TheraSpecs and others make FL-41 lenses designed to filter wavelengths that contribute to discomfort and headaches. I consulted with an ophthalmologist to get the skinny on FL-41s for you. They revealed that one lens tint does not fit all. Pink lenses may work for some in some situations while doing nothing for the person standing next to them. Their recommendation? Test several inexpensive lenses in a variety of colors (yellow, pink, brown, grey, etc.) before committing to a big spend.
Blossom Folding Umbrella
Outgeek Pagoda Parasol
Streamline Rainbow Color Wheel Umbrella
Oversized Heart Shaped Retro Sunglasses
Square Aviator Sunglasses with Bayonet Temples
Ray-Ban Classic Aviator Sunglasses
zeroUV Retro Oversized Sunglasses
TheraSpecs Polarized Sunglasses
TheraSpecs Rose-Tinted Glasses
Wow, it’s loud in here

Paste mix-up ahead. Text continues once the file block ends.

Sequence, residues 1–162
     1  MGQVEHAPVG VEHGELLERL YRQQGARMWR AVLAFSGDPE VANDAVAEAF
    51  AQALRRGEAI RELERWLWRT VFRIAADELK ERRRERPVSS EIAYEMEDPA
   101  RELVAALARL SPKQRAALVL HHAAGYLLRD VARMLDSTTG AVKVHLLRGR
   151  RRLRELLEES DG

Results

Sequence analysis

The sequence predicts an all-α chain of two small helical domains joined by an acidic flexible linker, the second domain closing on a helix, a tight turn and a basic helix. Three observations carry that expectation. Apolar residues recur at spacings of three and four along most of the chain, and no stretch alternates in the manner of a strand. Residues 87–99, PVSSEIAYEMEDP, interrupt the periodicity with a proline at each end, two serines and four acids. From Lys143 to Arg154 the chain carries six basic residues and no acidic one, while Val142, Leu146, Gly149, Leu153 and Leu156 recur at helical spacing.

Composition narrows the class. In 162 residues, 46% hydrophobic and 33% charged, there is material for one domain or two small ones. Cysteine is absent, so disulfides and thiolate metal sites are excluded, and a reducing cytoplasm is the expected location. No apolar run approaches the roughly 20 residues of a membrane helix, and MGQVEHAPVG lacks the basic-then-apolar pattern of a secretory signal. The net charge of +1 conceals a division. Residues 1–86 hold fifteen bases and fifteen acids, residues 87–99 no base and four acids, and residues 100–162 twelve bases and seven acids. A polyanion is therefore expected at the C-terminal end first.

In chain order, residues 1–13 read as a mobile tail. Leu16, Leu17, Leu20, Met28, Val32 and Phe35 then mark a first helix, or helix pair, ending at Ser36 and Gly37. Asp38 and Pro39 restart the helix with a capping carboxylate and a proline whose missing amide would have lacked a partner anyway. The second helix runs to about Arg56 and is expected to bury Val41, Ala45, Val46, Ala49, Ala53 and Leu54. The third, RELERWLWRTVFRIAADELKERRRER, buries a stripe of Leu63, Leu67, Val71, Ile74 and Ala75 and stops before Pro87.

Yeah, life can be loud. And when it’s not, it can be insidious, worming its way into your head as high-pitched electrical whines and crackling, or the humming of motors no one else seems able to hear (because they can’t, you’re just awesome like that).
Try all the earplugs, from drugstore foam to custom moulded inserts, if you’re able. In this arena, spending more doesn’t necessarily mean getting more so try until you find your magic. Here’s the lowdown on a few options to turn it down a notch.
Simple earplugs are the easiest to use and lowest cost option next to fingers. A wide variety is available including foam, wax, silicone, kits for custom-fitted moulds, and even earplugs with sound filters inside. The fanciest ones in our shop feature a solid metal core for maximum density sound obstruction. Consider layering in-ear plugs with over-ear protection if needed (See Hot Tip, below).
Give earbuds fitted with noise-isolating tips a try. These are the ones that insert in your ear, creating a seal to physically block ambient sound thereby allowing you to listen to your media at lower volumes. These can be good in a pinch, even without anything playing. Passive noise-isolating earbuds are usually sold with earbud tips in silicone or expandable foam. If not, replacement tips are sold separately and easily found.